Tomorrow, Friday, Sept. 15, I will be 90 years old. I count myself blessed at having reached this ripe age.
This is the age when most of my friends, classmates and associates have already died. If not, they are either bedridden or wheelchair-bound. I feel I am now at the pre-departure area, just awaiting my final boarding call for my flight to the Great Beyond!
As a teenager, I went through four years of the Japanese Occupation. My two older brothers were officers of the guerrilla forces.
After the Liberation in 1946, I was accepted as a scholar at Ateneo de Manila at the Padre Faura ruins. I obtained my Bachelor of Arts, with honors.
After graduation, I went to Cotabato City to volunteer with the OMI missionaries in producing their publication. I went with the late Rudy Tupas, editor in chief of The Guidon during our time.
That is how my journey as a journalist began. I consider this a calling more than a profession. Being a journalist does not make one a multi-millionaire, but one with a mission in life —to make a difference, no matter how small. An Ateneo education makes one a “man for others.”
My two-year stint with The Mindanao Cross—we called it the little newspaper with the big cause—was a learning experience for me. I covered all beats in a provincial publication: The jails, the police, and on to the Office of the Governor.
One summer, I met the love of my life, Trinidad Kapunan Capistrano, an 18-year-old student from the Philippine Women’s University. She was on vacation. It was a brief encounter since she had to be back in school, but she was able to tell me that she would be transferring to the University of the Philippines.
When I returned to Manila, I got an offer to teach English, history and literature at Ateneo High School in Loyola Heights. It was a good opportunity for me to meet, once again, the love of my life who by then had already transferred to UP.
I looked for her and by some stroke of luck found her. I always had lunch with my co-teachers at the South Dorm cafeteria where I had the opportunity to meet that angel in high heels. I saw her going to Mass every morning.
That began our courtship. It was not easy—I was the poorest among her suitors. Others came in flashy cars and with a driver. I only had an old jeep which my mother had bought for me out of my own savings. When I was in Mindanao, I sent her P150 every month out of my P250 salary.
I proposed to that young woman when I took her dancing on her birthday. It was at the Skyroom of the old Jai-Alai building along Taft Avenue. The songs— Love Letters, Mona Lisa, Autumn leaves and Stranger in Paradise played by the 21-member Serafin Payawal Orchestra.
Earlier, I had already passed the Bar. We were wed in Cotabato City where we first met.
This year we marked our 63rd wedding anniversary. I am often asked how we lasted this long, and I have the same answer every time. See, I must have the last word always – “Yes, Darling.” I believe you should never argue with a woman; you will never win.
We have four children and all are doing well. We live with our only daughter who took us in because we could not live by ourselves in a high-rise condominium in Makati.
Last year, Dante Arevalo Ang, chairman emeritus of The Manila Times, told me I should have my memoirs published since I am now about the oldest living, active journalist.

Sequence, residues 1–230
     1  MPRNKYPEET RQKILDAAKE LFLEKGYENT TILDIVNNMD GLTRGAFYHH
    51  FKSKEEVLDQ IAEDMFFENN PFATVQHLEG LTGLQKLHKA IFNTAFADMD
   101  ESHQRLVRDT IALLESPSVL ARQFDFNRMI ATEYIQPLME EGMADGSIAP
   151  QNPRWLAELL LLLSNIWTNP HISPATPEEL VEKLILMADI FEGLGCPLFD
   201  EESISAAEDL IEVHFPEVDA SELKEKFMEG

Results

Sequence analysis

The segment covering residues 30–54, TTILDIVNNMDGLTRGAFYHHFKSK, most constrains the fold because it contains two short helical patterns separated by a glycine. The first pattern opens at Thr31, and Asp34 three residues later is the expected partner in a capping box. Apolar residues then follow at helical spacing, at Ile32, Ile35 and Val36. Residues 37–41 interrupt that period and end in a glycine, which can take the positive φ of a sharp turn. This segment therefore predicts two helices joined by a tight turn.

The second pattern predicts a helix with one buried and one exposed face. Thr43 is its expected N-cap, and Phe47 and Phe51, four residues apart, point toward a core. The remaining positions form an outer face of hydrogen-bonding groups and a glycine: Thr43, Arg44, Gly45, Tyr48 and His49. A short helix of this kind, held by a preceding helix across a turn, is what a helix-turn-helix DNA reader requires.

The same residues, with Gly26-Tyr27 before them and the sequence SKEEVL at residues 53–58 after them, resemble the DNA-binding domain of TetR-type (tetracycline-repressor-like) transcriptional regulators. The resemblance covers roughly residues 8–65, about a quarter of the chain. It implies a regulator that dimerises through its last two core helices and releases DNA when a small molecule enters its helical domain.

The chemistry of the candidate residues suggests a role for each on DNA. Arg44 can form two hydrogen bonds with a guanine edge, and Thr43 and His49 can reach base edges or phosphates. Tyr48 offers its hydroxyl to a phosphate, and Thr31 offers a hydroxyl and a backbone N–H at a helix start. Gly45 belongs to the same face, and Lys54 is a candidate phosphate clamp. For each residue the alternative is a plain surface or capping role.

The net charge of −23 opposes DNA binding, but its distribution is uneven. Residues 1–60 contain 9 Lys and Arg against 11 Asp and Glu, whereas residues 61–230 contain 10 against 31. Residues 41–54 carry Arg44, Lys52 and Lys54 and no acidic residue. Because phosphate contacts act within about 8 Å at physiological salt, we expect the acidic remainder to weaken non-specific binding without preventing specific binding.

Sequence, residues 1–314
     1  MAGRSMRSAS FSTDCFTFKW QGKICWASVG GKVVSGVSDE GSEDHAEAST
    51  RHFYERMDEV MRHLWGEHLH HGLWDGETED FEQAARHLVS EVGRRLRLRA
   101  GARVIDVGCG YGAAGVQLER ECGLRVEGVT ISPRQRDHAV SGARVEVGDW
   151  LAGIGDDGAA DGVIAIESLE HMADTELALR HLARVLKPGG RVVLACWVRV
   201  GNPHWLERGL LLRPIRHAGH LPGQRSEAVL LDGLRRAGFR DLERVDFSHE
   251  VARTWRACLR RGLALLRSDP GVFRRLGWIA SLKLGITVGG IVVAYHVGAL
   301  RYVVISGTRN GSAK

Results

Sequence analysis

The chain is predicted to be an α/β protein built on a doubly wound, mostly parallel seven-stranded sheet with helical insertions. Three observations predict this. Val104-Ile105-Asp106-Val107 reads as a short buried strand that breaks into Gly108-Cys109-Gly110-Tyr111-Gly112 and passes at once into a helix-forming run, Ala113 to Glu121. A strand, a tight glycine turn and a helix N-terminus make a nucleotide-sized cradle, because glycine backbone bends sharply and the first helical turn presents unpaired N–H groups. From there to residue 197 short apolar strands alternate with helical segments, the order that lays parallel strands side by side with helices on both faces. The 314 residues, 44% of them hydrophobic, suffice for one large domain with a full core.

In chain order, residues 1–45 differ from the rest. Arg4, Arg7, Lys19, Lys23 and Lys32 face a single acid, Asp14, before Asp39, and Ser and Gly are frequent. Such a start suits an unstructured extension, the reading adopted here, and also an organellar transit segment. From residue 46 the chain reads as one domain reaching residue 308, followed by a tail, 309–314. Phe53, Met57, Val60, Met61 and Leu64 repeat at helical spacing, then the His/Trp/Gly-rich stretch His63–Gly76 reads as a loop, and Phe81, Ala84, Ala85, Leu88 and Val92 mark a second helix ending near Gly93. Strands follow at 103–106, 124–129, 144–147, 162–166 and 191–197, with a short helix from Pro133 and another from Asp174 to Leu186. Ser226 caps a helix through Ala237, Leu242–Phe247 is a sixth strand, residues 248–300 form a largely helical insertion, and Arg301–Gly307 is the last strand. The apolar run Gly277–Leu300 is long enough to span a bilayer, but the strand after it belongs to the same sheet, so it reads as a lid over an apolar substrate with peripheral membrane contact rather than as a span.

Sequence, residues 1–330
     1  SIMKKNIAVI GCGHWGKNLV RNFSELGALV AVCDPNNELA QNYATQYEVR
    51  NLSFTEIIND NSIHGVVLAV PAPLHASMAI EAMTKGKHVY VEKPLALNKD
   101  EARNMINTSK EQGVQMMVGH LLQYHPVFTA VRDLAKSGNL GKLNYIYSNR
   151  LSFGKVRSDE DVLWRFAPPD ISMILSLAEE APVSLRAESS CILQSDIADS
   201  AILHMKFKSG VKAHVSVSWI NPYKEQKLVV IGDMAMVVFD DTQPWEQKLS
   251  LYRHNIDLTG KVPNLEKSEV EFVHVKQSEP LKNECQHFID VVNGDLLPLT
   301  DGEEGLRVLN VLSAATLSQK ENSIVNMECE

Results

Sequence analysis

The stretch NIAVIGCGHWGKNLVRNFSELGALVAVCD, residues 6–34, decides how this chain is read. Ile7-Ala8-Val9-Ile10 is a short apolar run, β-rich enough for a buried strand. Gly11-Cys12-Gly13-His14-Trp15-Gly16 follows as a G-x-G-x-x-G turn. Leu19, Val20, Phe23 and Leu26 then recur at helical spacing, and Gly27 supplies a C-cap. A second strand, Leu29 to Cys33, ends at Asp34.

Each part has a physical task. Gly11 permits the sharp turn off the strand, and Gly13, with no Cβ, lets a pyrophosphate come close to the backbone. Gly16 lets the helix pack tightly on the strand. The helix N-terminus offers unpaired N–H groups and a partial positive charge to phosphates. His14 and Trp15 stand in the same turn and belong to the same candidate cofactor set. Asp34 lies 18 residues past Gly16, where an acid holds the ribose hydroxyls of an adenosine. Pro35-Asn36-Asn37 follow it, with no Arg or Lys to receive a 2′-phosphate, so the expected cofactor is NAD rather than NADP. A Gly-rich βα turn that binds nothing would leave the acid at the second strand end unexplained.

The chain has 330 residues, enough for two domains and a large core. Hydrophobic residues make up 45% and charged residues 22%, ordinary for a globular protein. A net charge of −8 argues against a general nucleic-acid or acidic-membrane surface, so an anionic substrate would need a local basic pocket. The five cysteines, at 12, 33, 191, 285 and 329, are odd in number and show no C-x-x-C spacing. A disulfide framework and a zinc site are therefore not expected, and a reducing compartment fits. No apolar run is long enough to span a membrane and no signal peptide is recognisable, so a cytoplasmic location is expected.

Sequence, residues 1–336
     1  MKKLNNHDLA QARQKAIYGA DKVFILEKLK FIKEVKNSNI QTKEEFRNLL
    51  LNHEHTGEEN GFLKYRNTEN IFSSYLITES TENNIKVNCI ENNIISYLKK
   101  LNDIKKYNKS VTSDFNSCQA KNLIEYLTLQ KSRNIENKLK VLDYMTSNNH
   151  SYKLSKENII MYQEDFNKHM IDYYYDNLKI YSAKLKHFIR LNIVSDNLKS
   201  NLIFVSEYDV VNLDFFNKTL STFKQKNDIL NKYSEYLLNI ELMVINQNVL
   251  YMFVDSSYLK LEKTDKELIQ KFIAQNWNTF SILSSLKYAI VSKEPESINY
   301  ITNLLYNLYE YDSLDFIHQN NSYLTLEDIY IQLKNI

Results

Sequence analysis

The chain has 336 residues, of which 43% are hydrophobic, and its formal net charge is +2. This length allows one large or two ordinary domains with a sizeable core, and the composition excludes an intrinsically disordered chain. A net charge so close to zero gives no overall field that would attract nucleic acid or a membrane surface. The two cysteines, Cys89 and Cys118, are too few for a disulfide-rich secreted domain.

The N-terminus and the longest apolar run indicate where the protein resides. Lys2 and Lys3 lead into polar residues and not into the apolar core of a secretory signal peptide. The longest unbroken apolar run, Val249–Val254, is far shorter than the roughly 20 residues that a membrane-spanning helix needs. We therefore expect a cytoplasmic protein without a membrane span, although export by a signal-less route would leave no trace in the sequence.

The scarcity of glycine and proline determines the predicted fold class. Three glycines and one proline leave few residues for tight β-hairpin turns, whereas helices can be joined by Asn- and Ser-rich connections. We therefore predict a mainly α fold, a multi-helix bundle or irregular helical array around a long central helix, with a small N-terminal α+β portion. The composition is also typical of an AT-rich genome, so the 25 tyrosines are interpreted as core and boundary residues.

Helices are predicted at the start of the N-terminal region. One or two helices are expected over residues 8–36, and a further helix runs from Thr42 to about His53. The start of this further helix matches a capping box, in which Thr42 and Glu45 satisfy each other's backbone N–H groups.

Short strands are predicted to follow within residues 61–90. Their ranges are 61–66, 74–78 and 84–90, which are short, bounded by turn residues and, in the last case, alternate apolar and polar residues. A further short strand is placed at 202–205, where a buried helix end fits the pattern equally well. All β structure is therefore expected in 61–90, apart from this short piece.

I must admit I never learned to use the computer or to text. I still pound away on my old Olympia typewriter.
I have been a writer for almost seven decades. I have covered no less than 10 presidents since the time of President Elpidio Quirino. I can say I have walked the corridors of power, witnessed history in the making, and seen the best and the worst of the people in power.
This is why after agonizing over Dante’s offer, and weighing the fact that I would need no less than P2 million to publish a book, I eventually agreed. I sought permission, of course, from Philip Romualdez, my chairman, and Rollie Estabillo, my publisher.
The book is almost finished, thanks to writer Lea Beltran and editor Dean Francis Alfar. Hopefully it will be published and marketed in November.
At 90 years old, I believe life is a journey and I am just passing through. I will continue to comfort the afflicted and afflict the comfortable. I will keep on pounding on my typewriter until I write 30.
I am comforted by one of my prayers, The Serenity Prayer, which goes:
GOD, grant me the serenity
to accept the things
I cannot change,
Courage to change the
things I can, and the
wisdom to know the difference.
Living one day at a time;
Enjoying one moment at a time;
Accepting hardship as the pathway to peace.
Taking, as He did, this
sinful world as it is,
not as I would have it.
Trusting that He will make all things right if
I surrender to His Will;
That I may be reasonably happy
in this life, and supremely
happy with Him forever in the next. Amen.
* * *
I have mixed feelings about turning 90 tomorrow. I am joyful because God has given me the blessing of a long life, and sad because of the deaths of three people close to us.
The first death was that of Alphonso Medina, a UP professor and a good friend. My condolences to his wife, Belen.
The second death was that of Mila Barlaan, who was like family to us. She was always there in times of need; she always attended our anniversaries.
Marita Salcedo—the widow of the columnist Louie Beltran—was my secretary when I was president of the Business Writers Association of the Philippines in the 50s and 60s. She and Louie stayed with us when they got married in their teens.
Our deepest condolences.